2018, 209 p.
It would come as no surprise that this collection of short stories should coalesce around the theme of the sea. Several of Robert Drewe’s earlier works reference water: The Bodysurfers collection of short stories, The Drowner (which, admittedly was more about the arid outback than water) and his own memoir The Shark Net. But it’s not just the Australian sea that provides the background for many of these stories: instead we travel to a Pacific Island and to Cuba, as well as more recognizable beach-side settings.
I always find it hard to review a collection of short stories as a precis often gives the whole story away: by its very nature a ‘short’ story doesn’t have a lot of flesh to cut away. I tend to flip through, and if I can remember the scenario, then I feel that the story has worked for me.
On that basis, I enjoyed ‘ Another Word for Cannibals’ where an earnest, progressive, European couple returns to a Pacific island to complete the genealogical circle of their great-great-great grandfather’s missionary endeavour. ‘Varadero’, set in a down-at-heel Cuban hotel really appealed to me, as it captured Cuban tourism so well. ‘Lavender Bay Noir’ is slightly creepy in a domestic sunlit, sea-kissed setting. ‘Spotting Killer Whales’ involves an adult family gathering together in a restaurant overlooking the sea after their father has died. The eponymous ‘The True Colour of the Sea’ has a historical setting, where a colonial artist is left an a rock in the Arafura Sea.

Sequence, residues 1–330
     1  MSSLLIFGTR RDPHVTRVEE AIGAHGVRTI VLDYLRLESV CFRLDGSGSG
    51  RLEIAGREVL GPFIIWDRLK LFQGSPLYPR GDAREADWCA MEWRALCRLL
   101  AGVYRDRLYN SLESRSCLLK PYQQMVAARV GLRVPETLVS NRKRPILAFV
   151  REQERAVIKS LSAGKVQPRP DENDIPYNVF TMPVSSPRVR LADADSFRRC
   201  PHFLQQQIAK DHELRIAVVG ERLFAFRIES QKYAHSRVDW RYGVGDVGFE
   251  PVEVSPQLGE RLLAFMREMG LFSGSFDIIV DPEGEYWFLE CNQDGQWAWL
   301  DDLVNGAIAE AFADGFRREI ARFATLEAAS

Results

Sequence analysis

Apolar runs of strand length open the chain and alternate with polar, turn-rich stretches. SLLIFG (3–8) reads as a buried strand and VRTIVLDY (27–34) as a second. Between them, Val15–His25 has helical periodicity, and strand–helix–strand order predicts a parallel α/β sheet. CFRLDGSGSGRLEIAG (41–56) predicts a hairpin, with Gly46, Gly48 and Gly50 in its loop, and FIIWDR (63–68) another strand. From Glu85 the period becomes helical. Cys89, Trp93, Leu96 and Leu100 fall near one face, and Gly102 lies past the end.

These eleven stories were just the right length as far as I’m concerned. They were long enough to get your teeth into, but were easily read as a story-before-bedtime read. Drewe is such an accomplished writer, confident and clear-eyed.
Sourced from: Yarra Plenty Regional Library
Read because: I saw it there on the library shelf
My rating: 8.5/10